Yaqubi and her husband failed several times to pass the checkpoints at the airport. Mehdi, Yaqubi's assistant were beaten by Taliban guards.

On Aug. 27, 2021, a US Air Force aircraft took off from Kabul's military airport. Photo by AFP via Getty Images

She said, "The really terrible memory I have in [my mind], every night I have dreams about it," "Once they said, 'Come forward. Come forward', then the people on the edge moved forward and were beat. To disperse the crowds, gunfire rang through the air. "I was afraid because I have complete visual impairment. She said that she didn't know where the firing was taking place.

The second attempt proved equally futile, and the third failed, even with letters from both U.K. and Danish governments. Yaqubi and her husband were able to get through Senator Merkley to the Danish government. They camped out near the airport between 9pm and 3am on August 24, where they were picked up by the Danes and taken to their plane.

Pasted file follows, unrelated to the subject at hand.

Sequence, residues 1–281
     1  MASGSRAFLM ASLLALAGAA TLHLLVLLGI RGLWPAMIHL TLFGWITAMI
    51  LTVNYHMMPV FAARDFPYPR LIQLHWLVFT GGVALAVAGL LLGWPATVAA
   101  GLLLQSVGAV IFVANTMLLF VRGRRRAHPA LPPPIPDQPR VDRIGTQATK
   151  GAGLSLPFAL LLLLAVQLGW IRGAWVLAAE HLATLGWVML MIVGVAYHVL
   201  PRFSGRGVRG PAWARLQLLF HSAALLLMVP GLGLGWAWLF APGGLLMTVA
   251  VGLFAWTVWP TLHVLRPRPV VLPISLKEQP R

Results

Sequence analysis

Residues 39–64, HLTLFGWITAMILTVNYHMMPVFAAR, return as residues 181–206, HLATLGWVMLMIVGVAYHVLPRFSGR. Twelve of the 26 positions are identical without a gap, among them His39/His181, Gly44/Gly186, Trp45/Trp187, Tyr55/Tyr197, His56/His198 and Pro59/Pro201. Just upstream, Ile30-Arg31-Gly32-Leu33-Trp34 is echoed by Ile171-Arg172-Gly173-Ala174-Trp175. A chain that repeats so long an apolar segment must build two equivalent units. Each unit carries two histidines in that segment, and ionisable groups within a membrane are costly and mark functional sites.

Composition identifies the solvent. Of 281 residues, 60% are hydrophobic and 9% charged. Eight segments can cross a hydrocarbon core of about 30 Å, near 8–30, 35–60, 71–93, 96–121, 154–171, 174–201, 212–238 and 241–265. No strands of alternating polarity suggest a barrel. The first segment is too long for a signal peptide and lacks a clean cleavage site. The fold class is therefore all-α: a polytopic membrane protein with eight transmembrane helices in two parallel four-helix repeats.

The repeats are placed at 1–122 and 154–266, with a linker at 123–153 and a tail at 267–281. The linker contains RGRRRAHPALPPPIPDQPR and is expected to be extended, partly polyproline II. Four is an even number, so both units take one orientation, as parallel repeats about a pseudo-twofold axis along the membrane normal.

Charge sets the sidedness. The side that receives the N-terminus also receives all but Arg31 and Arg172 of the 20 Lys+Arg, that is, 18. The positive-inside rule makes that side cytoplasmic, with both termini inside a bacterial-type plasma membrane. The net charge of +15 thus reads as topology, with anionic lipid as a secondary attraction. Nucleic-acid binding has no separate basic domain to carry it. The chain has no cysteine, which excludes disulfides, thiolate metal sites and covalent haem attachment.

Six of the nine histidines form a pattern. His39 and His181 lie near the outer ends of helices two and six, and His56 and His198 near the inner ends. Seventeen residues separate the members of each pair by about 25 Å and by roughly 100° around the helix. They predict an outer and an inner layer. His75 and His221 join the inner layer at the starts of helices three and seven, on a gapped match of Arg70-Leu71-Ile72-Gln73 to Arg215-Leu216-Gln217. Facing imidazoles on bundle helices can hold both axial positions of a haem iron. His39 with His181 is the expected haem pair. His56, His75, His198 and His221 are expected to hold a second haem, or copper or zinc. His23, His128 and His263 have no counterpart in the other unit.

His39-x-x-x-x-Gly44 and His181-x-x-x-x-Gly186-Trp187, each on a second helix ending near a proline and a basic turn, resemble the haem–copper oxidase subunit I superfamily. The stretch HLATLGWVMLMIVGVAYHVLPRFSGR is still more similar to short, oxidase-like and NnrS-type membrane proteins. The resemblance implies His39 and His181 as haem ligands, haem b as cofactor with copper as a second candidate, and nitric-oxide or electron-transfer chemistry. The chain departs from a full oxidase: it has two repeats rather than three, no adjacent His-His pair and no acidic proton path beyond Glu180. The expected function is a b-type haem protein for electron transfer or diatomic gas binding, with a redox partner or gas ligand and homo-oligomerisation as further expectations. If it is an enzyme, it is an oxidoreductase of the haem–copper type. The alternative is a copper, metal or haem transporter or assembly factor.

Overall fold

Yaqubi still hears the echoes of her Kabul memories. She said, "The firing was the only thing I can remember." There was screaming, screaming, and firing. What I can remember most clearly are the people who were unsure of where to go or what to do. They lost their jobs, their homes, and their freedom. They lost everything.

Within 24 hours, at least 182 people were killed in a suicide attack at the airport.

Yaqubi is currently in the UK and hopes to arrange a meeting between Dominic Raab, UK Foreign Secretary, to discuss ways to help Afghanistan's disabled population via her organization, Strong International.

She knows she is one of the fortunate ones. There are many others fighting for disability rights, including her compatriots. She said that she didn't want to think about what would happen if there was no help. "It will kill me." All my hopes and dreams were crushed. Now I have nothing. Now, I have one goal: to help my people.